Rainer Maria Rilke had written 14,000 letters by the time of his death in 1926, aged 51. This slender book, a selection of letters of condolence, available for the first time in English, is a treasure.
One of the pleasures of this book is in the shifts of tone that reflect Rilke’s sensitivity to his correspondents. He is courteous, sometimes urgently effusive, his writing occasionally borders on the starchy. He recognises that the process of mourning is individual. But he tends not to focus on the person that has died ... In a sense, the contents of this book should be relabelled letters of non-condolence. It was Rilke’s fresh, courageous, undeceived approach that ensured that recipients held on to these letters as keepsakes and that we can now do the same.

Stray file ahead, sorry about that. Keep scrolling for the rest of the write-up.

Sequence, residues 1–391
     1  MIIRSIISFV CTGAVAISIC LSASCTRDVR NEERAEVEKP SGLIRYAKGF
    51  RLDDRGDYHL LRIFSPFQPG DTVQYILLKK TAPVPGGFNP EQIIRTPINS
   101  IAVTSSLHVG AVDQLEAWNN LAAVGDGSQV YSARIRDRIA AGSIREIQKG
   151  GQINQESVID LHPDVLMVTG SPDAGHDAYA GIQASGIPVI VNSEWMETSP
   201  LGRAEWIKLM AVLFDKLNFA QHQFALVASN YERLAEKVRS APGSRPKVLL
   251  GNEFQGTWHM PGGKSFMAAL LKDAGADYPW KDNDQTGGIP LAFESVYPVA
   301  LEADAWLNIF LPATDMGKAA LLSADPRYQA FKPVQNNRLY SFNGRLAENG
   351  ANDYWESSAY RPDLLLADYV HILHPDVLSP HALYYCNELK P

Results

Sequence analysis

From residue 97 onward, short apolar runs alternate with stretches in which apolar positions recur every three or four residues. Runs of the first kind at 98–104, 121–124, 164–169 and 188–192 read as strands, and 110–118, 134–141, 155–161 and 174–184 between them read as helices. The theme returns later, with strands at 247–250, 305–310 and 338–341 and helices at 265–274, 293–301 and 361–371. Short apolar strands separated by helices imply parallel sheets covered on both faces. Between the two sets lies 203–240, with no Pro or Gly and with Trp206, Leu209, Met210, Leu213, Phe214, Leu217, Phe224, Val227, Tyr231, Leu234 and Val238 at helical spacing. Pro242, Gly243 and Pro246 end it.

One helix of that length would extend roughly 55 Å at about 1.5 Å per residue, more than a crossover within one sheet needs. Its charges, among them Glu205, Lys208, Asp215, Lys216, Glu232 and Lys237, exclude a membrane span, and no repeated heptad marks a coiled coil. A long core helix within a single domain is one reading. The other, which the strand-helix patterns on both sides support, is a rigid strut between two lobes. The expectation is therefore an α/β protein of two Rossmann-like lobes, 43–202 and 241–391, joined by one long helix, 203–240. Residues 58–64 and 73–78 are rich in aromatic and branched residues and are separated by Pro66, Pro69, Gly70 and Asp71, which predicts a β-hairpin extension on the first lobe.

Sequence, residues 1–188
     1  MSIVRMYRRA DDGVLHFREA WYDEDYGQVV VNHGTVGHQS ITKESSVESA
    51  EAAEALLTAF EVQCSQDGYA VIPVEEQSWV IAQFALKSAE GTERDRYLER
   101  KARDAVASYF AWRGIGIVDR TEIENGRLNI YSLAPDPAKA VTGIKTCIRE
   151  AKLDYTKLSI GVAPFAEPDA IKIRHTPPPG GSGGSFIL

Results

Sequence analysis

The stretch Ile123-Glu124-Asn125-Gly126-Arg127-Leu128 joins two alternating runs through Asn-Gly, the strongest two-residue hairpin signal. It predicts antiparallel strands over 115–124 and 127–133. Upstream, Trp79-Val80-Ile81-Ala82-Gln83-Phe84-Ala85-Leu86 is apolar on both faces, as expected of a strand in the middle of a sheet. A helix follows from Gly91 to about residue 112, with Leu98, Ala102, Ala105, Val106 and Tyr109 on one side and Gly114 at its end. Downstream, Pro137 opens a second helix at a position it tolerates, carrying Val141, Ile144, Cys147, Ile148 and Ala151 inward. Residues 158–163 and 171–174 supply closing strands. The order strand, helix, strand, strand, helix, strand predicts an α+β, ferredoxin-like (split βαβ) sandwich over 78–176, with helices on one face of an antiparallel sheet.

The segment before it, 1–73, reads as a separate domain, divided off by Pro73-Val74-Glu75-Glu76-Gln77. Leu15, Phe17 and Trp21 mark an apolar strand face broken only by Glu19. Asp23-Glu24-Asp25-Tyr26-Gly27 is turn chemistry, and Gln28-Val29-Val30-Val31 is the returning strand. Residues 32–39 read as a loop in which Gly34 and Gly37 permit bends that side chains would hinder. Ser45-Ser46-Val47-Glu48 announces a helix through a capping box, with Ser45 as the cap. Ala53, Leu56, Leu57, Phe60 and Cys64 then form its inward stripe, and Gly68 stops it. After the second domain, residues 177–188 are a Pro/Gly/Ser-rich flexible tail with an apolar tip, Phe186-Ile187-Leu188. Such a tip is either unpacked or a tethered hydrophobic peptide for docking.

The letters included in this brief but dense collection are...taken from correspondences that Rilke had with friends, relatives, and acquaintances in light of the deaths of various individuals, these letters provide a space for ruminations and a careful study of our relationship to death. In each letter, Rilke addresses the death of the person in question, but he also uses it as a steppingstone to offer his own perspective on the ways in which humans are conditioned to die ... Though these letters are an important contribution to Rilke’s archive, they don’t offer enough context for general readers to truly latch onto them. For those knowledgeable about Rilke’s work, these letters will serve as fresh reading material, new modes of understanding his practice, and demonstrations of his thinking about writing and existence. But for those just now discovering his work, the letters might serve as a disservice to the colossal beauty of his poetry ... A slim, mildly intriguing glimpse into Rilke’s daily life.